The thing is I think people are easily seduced by all of the specialty items…the jar of chestnuts from France for $15?  Yum, but if that’s not on your normal shopping list…my weakness is the jars of tuna packed in olive oil from Italy….but if you stick to a list, buy the house brand, you’ll do fine.  Besides, there is the factor of considering the price of buying REAL food vs. paying for a bunch of additives…if you factor in health care that results from eating processed but cheap food…you realize that what most people consider as low-cost, really isn’t.   Consider the associated costs of such things as childhood obesity.  I wonder how many parents who buy groceries at Whole Foods or farmers markets have overweight kids??  In my opinion, parents who feed their kids processed foods should get some sort of citation such as a traffic ticket only for child abuse…

DH cringes when I walk down the cereal aisle of a grocery store…

Dang, don’t even get me started.

Annnnnyway….where was I?  Oh yeah, so it was raining today…DH asked if I wanted to go to the farmers market…I know the hearty souls are out there, huddled in their stalls…selling their goods to even the heartier folk out there shopping.  I applaud such dedication.  However, I am not so inclined.  Besides it’s winter, all we buy is a bag of field greens for our week’s salads, broccoli and bags of root vegetables.  Did I want to get rained upon for that?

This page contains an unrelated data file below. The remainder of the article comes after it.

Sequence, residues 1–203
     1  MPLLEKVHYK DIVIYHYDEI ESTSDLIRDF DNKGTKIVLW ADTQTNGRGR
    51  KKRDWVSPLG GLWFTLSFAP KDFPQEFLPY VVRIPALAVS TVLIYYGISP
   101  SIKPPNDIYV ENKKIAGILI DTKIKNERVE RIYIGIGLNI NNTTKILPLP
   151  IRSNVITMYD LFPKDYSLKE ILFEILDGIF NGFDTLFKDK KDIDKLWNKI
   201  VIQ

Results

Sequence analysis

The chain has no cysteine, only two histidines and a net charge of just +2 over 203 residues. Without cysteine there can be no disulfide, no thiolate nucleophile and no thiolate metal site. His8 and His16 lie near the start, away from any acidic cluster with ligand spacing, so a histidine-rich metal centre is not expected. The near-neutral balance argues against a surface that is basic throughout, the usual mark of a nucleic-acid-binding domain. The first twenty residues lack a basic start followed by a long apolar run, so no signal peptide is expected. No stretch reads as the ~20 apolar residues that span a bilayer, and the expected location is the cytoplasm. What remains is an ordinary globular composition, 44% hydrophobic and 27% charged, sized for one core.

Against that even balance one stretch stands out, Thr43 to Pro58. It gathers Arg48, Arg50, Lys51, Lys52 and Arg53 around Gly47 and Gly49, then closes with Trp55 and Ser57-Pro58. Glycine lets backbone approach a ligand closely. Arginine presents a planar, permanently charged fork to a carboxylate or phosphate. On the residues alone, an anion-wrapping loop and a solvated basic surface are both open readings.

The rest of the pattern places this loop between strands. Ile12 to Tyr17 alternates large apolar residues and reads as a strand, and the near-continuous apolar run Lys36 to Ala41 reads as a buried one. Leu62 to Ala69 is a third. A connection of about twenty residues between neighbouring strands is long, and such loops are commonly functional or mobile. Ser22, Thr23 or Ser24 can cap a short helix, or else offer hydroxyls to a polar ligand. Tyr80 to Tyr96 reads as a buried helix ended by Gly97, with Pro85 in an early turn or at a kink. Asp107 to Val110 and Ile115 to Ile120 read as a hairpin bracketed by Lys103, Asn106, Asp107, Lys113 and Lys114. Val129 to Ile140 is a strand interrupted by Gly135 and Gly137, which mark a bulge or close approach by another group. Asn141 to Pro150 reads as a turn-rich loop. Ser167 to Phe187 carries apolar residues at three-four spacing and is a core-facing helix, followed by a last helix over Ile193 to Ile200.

Instead, we went to the new  Berkeley Bowl supermarket.  For those of you not blessed with the good sense luck to live in San Francisco or Oakland, call your mayor (BTW did you hear HOUSTON elected a GAY mayor???  Really??  Like. Wow!)  or other city officials and beg them to open a Berkeley Bowl in your city.  Berkeley Bowl is like Whole Foods and Trader Joe’s on steroids minus the markup.

This place is awesome.  Kinda organic, kinda hippy, kinda “oh-my-god-it’s–world-market here” place.  Plus it’s a type of co-op (which is a Bay Area thing –I swear, we’re all Trotskyites, (but that’s sooo cool), so the prices are cheap, really cheap.  Also, everything is labeled to say from whence it came—entering the produce section feels like walking into a geography/botany lab.  I found produce I have only seen in books…Malanga, anyone?  I bought a bag of red and white carrots…who eats the orange ones anymore?